Manchester - The result aside, what happened at Old Trafford on Wednesday was special and the two-day affair turned into one of the most intriguing World Cup semi-finals you could ever hope to see.

New Zealand, thanks to superb opening spells of bowling from Trent Boult (2/42) and Matt Henry (3/37) that reduced India to 5/3 in their run chase, emerged as 18-run winners and booked their spot in a second World Cup final in a row. 

The sides had looked on as rain fell for most of Tuesday, meaning New Zealand had to resume their innings on 211/5 (46.1) on Wednesday morning in what became a fascinating two-day ODI with everything on the line. 

While the Indian players and fans were both gutted, there was an acceptance that the classic that had unfolded meant more. 

Indian skipper Virat Kohli, once again, showed his class in the immediate aftermath. 

There were no excuses, but rather heartfelt praise for what the Black Caps had achieved. 

"That is why these games are called knockouts because if the opposition plays better, you are out of the tournament," India's leader offered.

"We have to accept that.

"I think we are sad, but we are not devastated because of the kind of cricket that we played in this tournament. We know where we stood as a team and today, we were not good enough and that is the nature of this tournament."

Over the years, Kohli has emerged as not only one of the best batsmen of his generation, but also one of the finest leaders.  

When India were in South Africa for three Tests back in 2018, they were made to play on some questionable wickets that were prepared to aid South Africa's fast bowlers but instead came across as embarrassing. 

The Wanderers strip for the third Test almost saw that match abandoned mid-Test.  

Not once, though, did Kohli use the wickets as an excuse for his side's series loss.

He may come across as overly confident and competitive on the field, but that is a symptom of players with this much ability and the high standards that accompany that talent.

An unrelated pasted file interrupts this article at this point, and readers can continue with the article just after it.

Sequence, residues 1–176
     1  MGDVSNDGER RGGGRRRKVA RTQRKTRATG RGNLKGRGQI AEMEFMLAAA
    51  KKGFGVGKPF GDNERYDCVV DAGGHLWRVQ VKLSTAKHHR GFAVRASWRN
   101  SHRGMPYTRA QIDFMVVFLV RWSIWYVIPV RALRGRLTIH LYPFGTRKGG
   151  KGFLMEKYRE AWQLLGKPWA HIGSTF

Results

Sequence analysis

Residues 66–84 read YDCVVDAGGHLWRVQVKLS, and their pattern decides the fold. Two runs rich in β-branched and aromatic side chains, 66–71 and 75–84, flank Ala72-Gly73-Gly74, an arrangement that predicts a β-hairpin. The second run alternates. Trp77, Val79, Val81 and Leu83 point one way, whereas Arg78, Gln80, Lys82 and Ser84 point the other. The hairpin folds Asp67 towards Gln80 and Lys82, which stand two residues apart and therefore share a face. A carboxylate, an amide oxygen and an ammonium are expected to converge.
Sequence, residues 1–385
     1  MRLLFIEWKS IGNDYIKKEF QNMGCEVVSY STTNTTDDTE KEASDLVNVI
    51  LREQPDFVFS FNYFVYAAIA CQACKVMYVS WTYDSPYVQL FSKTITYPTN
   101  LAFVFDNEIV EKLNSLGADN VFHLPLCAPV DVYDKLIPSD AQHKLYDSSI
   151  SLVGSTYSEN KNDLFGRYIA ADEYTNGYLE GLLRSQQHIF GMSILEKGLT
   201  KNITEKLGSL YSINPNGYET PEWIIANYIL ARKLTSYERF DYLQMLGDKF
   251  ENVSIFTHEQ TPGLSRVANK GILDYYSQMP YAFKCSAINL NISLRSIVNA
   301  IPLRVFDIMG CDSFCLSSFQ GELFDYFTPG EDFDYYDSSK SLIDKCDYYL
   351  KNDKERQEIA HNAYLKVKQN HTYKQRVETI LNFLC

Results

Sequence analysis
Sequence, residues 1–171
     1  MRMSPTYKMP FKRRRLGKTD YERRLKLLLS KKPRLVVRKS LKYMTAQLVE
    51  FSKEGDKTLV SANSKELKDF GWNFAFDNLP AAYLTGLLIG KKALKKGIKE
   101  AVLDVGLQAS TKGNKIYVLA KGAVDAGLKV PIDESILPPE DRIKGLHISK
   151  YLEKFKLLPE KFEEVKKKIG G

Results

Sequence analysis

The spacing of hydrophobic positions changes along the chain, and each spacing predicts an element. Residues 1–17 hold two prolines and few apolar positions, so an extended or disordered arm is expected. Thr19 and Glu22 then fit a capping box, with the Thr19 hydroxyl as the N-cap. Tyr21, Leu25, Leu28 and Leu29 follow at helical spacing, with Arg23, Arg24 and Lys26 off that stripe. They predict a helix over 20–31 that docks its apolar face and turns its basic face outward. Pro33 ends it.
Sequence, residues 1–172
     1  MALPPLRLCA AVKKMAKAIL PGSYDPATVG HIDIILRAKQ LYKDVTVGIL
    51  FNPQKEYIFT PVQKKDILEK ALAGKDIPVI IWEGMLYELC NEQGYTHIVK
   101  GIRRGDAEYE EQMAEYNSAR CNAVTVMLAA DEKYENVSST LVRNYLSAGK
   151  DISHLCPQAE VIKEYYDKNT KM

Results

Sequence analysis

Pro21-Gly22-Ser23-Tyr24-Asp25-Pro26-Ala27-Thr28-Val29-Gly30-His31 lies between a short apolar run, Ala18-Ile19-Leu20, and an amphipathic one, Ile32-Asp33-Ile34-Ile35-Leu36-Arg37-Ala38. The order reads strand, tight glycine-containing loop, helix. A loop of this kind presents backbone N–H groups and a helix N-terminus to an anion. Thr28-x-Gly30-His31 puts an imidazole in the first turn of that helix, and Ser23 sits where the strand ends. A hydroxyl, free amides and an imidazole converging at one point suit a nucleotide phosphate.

Kohli was visibly distraught in Wednesday's post-match press conference, but he held his head high and answered every question from a sometimes-bloodthirsty Indian media contingent with eloquence, humility and class. 

When the presser was done, some of those very same journalists who had just quizzed the captain were asking him to autograph bats and shirts, and Kohli obliged.

Williamson, meanwhile, is a different kind of leader. 

He obviously doesn't have the superstar appeal of Kohli - nobody does - but he remains one of the most consistently performing batters in world cricket in both red and white ball cricket. 

Williamson has scored 548 runs at an average of 91.33 at CWC 2019, but more than that he has been a calming, composed leader with the soundest cricket mind throughout. 

Like Kohli, Williamson was superb at his press conference.

"Obviously, the passion for the game in India is unrivalled and we are all fortunate to play this sport and have a country like India be right behind it," he said.

"There's obviously a huge amount of respect for India as a cricket side and I certainly hope that their fans are very much behind them and respect that the game of cricket can be a tough one on a number of occasions."

Sitting there listening to the two leaders, both at the top of their game and easily the most important players in their teams, it was impossible not to think of where the Proteas were heading. 

Faf du Plessis has, for the most part, ticked all the same boxes. 

He may not be at the same consistent level of performance as Kohli or Williamson, but he has always led by example and been a figure that the rest of the squad can look up to. 

He has set the standard when it comes to performance and work ethic. 

If he is done with ODI cricket, though, then the Proteas must look elsewhere, and they will almost certainly have a different captain at the 2023 World Cup in India. 

That becomes concerning when you look at figures like Kohli and Williamson.

Aiden Markram and Rassie van der Dussen keep emerging as the possible replacements for Du Plessis, but both still have so much to learn and prove at international level.

It is not to say they do not have the potential to become the best in the world, but there is still a long way to go.  

Du Plessis may end up staying on as captain for the next year or two, suggesting a possible handover period between him and whoever the new captain will be.

Either way, South African cricket is crying out for a new leader who can pick up the baton from Du Plessis and guide this side into a new era.

If the semi-final taught us anything from a South African perspective, it is that the international standard is extremely high in that regard.

We can't all be Kohlis and Williamsons, but the Proteas need to ensure that when their new leader whenever is unveiled, he at least commands the same level of respect from his peers and opponents.

@LloydBurnard is in England covering the 2019 Cricket World Cup for Sport24 ...